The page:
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- What's New: 2018
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- Courses: 2018
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This year’s breakdowns now include video of each hole being played, although your feedback is most appreciated on these designs. How do you play? Share your strategy or Golden Tee Great Shots in the comments below.
All holes will then be available for reference on the Course Caddies page—a bookmark must for the entire encyclopedia! Enjoy, and stay tuned for plenty more.
Sparkling Waters No. 17
What a frustrating, beautiful hole. While searching for the appropriate words to describe Sparkling Waters 17, that’s what comes to mind first and foremost.
A par-5 with options, your trackball creativity will be tested here. And before we got any further, let’s outline a little strategy: Do what you feel comfortable with here.
Your desired path might be different than the one below—or your buddy’s—and that’s just fine. In fact, that’s what makes this hole great.
Tee box and wind. These two things will ultimately shape where you go off the tee. You have landing areas to the left and right, both of which are viable options. The box left obviously comes with more risk with water in play, although it also will provide a fabulous shot at the green with a straight or left to right wind.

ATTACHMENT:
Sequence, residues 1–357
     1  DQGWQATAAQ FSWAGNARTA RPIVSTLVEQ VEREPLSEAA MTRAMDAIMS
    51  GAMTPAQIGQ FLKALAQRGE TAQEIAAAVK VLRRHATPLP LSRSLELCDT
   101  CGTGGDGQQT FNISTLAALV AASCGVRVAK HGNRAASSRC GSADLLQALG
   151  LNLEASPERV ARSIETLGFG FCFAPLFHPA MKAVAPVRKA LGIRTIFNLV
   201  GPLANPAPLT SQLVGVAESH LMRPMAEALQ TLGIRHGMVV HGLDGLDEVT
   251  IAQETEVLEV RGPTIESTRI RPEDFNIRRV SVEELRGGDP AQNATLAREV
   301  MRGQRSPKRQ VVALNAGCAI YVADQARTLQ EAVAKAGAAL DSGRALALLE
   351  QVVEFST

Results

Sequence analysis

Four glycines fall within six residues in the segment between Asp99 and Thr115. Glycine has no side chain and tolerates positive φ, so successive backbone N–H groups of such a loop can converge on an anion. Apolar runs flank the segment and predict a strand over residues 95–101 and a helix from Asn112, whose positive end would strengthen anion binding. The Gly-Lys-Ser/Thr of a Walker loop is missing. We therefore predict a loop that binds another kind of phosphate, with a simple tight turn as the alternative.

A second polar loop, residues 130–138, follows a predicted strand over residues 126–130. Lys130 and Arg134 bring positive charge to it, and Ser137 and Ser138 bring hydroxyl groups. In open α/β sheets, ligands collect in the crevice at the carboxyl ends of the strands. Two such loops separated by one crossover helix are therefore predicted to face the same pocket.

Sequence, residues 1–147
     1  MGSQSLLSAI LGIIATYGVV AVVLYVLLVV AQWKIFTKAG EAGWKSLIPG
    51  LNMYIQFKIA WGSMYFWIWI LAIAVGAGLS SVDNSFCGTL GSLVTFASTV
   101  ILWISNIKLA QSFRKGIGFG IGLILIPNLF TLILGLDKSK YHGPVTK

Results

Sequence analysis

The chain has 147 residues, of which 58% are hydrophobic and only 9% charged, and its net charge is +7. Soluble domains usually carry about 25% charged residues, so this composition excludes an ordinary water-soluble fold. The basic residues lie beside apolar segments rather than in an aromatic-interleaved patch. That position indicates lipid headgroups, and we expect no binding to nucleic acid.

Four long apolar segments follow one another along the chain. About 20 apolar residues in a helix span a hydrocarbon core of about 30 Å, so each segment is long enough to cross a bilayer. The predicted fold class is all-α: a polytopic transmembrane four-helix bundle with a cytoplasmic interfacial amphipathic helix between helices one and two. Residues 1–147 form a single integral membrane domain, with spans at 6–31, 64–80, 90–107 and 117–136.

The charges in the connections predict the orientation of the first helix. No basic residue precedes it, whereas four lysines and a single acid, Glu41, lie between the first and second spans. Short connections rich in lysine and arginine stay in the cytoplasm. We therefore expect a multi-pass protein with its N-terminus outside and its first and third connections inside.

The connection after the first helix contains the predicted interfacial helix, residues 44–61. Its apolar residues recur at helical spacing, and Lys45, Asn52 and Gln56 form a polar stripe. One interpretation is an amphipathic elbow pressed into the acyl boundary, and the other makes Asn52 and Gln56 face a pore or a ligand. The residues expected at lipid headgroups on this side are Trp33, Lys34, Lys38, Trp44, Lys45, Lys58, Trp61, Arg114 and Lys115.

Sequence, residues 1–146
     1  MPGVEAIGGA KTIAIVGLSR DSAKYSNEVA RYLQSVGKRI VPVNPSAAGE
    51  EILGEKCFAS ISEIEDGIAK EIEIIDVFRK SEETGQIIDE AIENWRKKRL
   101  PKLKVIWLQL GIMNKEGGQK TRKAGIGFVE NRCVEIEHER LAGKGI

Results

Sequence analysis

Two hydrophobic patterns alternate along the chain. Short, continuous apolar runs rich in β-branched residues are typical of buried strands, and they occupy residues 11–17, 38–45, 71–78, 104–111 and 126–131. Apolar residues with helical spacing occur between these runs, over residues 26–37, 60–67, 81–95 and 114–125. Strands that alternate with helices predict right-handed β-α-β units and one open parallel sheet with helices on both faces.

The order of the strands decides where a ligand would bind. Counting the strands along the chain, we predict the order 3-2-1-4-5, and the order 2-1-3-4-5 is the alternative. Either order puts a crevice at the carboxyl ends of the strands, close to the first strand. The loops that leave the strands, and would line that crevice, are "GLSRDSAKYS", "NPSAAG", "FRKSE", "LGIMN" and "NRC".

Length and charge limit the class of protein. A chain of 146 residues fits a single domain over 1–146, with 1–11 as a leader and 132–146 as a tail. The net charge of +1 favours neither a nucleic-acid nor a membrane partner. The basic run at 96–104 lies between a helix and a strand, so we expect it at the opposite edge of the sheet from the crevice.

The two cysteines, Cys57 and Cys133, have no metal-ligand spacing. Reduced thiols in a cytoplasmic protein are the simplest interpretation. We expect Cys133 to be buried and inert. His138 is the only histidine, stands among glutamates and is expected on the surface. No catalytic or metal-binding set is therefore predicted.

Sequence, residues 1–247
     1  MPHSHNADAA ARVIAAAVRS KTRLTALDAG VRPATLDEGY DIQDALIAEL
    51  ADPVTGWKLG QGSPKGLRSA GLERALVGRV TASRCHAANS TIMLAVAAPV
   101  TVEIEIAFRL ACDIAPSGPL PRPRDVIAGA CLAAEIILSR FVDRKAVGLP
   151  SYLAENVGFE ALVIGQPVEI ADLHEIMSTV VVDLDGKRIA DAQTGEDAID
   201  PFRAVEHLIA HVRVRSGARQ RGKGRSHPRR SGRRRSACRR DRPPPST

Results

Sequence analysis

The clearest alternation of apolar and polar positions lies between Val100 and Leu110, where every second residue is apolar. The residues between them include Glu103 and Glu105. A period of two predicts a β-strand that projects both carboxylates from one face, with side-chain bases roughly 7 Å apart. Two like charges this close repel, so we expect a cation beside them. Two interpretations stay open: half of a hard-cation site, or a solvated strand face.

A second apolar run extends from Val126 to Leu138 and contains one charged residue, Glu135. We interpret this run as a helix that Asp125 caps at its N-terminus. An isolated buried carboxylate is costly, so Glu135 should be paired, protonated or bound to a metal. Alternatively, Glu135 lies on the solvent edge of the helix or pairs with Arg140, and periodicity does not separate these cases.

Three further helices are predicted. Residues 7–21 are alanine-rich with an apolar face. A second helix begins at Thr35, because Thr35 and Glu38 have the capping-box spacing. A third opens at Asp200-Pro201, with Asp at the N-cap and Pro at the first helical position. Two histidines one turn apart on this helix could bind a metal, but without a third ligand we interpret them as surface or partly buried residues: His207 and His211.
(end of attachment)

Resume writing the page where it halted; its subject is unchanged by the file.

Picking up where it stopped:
The right landing area is a little harder to get to, although this will also provide a clearer shot than just about any other.
If you can get here with a fairway wood off the tee, do it. The risk is far less off the tee (no water), and the payoff could be huge.
In the instances where this is not an option, however, there is another way. In fact, you can more or less just hit the ball straight ahead—not too far, to keep the fairway woods in play—but right in front.
With a strong cross wind, as you’ll see below, your best, safest approach might be playing this one the ol’ fashion way.
Regardless of how you approach this hole—and again, there are choices—proceed with caution. There is water to worry about on both the tee shot and the approach, and the slope of the green makes this even more daunting.
Birdie here isn’t the worst thing. A water ball and you’re likely looking at par at the very best. With only one hole left to play, conserving strokes is vital. You want the eagle—of course you do—but you want to avoid the blowup more. You’ve come to far.
How do you play?